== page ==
LATEST ADDITIONS

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Barry Willis Posted: Jul 30, 2000 0 comments
The last week of July was a busy one for music industry attorneys, and by some measure a sucessful one. As almost everyone in the world is aware, on Wednesday, July 26, the Recording Industry Association of America won a round in its fight against Napster, a San Mateo, CA-based software company that enables the sharing of MP3 music files over the Internet. On that day, in a US Federal court in San Francisco, Judge Marilyn Patel decreed that the widespread sharing of music using Napster was a form of wholesale copyright violation, and ordered the service shut down effective Friday, July 28 at midnight. Napster appealed and won a stay of Judge Patel's injunction that will enable it to remain online and in business until at least mid-September.
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Stereophile Staff Posted: Jul 30, 2000 0 comments
Tempted to just cut'n'paste his earlier Arcam integrated amplifier review into his rundown of the Arcam FMJ CD23 CD player, Lonnie Brownell explains that, "after all, it's the same story: British manufacturer gives highly praised product a slick new case to entice those who find their Alpha line too downscale in appearance, adds a few internal tweaks to make it a bit more interesting, and kicks the price up by $400." Instead, he does the right thing in a complete review that even answers the vital question: Should this Arcam be your last CD player?
Lonnie Brownell Posted: Jul 30, 2000 0 comments
It is so tempting.
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Barry Willis Posted: Jul 23, 2000 0 comments
Several class-action lawsuits have been thrown against the music industry in the wake of its admission that it engaged in a price-fixing scheme known as Minimum Advertised Pricing, or MAP. The policy arose as a response to widespread CD price wars in the early 1990s that drove prices of some CDs below $10 each, and was intended to prevent mass-market merchandisers from offering CDs below cost as lures to pull customers into stores. The MAP policy was officially discontinued after the Federal Trade Commission reached a settlement with the industry in May of this year.
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Jon Iverson Posted: Jul 23, 2000 0 comments
It's bad enough for stores competing with each other for consumer loyalty—imagine how retailers must feel when the largest consumer-electronics company in the world decides to compete with you as well. This grim reality came true for dealers around the world last week, when Sony Electronics outlined its plans for SonyStyle.com, which the company describes as "an information-rich e-commerce website." The site is scheduled to be launched this fall.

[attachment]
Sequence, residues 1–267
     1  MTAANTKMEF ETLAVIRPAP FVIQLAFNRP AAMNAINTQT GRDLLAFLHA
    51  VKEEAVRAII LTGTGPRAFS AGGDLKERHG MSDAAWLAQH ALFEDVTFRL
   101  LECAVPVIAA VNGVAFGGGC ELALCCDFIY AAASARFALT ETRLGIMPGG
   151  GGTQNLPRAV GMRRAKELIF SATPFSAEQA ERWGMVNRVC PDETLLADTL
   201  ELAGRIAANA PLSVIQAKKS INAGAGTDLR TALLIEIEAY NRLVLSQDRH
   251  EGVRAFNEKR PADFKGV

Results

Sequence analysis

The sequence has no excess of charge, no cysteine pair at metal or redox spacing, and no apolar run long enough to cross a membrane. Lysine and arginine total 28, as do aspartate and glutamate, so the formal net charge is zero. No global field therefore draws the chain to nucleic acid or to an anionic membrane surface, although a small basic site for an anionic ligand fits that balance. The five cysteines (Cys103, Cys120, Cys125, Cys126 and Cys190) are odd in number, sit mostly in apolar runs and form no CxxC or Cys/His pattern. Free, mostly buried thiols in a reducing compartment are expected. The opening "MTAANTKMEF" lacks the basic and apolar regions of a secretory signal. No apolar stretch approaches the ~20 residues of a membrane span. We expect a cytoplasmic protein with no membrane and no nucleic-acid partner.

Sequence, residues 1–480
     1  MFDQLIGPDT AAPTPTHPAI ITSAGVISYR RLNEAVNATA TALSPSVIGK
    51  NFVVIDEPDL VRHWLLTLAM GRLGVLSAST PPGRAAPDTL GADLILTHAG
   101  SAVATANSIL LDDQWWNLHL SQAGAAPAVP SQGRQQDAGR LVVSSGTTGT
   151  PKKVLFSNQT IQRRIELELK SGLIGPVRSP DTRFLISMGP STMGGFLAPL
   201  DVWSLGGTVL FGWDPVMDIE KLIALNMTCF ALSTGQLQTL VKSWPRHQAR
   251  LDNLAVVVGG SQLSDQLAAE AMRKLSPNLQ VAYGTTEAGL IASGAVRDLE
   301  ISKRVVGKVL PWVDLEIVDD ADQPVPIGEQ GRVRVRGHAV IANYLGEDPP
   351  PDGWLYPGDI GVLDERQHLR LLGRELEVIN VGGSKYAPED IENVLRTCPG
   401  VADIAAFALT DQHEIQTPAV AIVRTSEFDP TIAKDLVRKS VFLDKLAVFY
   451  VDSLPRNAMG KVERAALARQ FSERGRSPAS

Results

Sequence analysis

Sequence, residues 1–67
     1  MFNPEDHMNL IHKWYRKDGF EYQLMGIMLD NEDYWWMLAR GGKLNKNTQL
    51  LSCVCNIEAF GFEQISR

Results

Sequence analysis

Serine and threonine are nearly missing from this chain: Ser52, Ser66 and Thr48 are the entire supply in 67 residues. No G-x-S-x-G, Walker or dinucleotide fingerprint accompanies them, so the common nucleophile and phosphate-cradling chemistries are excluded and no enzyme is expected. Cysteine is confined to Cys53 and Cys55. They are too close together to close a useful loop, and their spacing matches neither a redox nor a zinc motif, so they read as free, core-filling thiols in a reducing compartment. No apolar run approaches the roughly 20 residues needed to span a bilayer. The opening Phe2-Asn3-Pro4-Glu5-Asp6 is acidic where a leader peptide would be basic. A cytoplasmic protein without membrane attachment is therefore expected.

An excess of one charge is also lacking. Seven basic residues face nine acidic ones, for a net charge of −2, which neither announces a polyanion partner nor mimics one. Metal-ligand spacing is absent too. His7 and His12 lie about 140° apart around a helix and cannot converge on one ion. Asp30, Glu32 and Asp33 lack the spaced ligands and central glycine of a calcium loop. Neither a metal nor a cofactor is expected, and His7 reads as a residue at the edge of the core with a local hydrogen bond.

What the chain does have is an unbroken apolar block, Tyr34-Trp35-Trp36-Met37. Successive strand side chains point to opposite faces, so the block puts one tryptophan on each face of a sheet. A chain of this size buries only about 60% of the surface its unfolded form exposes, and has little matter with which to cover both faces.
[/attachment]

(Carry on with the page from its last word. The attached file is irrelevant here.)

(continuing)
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Stereophile Staff Posted: Jul 23, 2000 0 comments
Sometimes a product can take a while to reach its potential. As Jonathan Scull writes, "First, the Accuphase DP-75V CD player took a full two weeks to warm up and pull its act together. If anything, it was too polite, warm, and over-the-top bloomy when I first lit it up. The '75 requires a long warm-up period. But wait . . . just wait for it." When the wait was over, J-10 filed his observations in detail.
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Jon Iverson Posted: Jul 23, 2000 0 comments
According to a new report, the number of adults going online to access music-related content has exploded in the few months, increasing 48% between December 1999 and March 2000. These numbers are based on recent findings released by market analysts Cyber Dialogue, who say that "The dramatic growth in online music users can be attributed to the media's newfound obsession with Napster, Gnutella, and MP3. When combined with a marked increase in online music offerings and the proliferation of file-sharing software, the increase in demand for online music makes perfect sense."
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Stereophile Staff Posted: Jul 23, 2000 0 comments
The Recording Industry Association of America's lawsuit against Napster may be an attack on one of its best friends, if results of a recent study by research organization Jupiter Communications can be believed.
Jonathan Scull Posted: Jul 23, 2000 0 comments
Although the Accuphase DP-75V looks like a conventional single-box CD player, it's actually a separate transport section and digital processor, each of which can be used independently. The transport is a 16-bit/44.1kHz mechanism, the datastream appearing on RCA coax and TosLink optical output connectors on the rear panel.
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Barry Willis Posted: Jul 16, 2000 0 comments
A merger announced Wednesday, July 12 by Columbia, Maryland–based USA Digital Radio and Lucent Digital Radio of Warren, New Jersey may hasten the creation of a unified US standard for terrestrial digital radio, according to industry analysts. The merger was approved by the National Radio Systems Committee, which is in charge of developing a set of digital radio specifications for the US. It was also backed by 15 companies involved in the rollout of digital radio, including Viacom Inc.'s Infinity Broadcasting Corp. and Clear Channel Communications, Inc.

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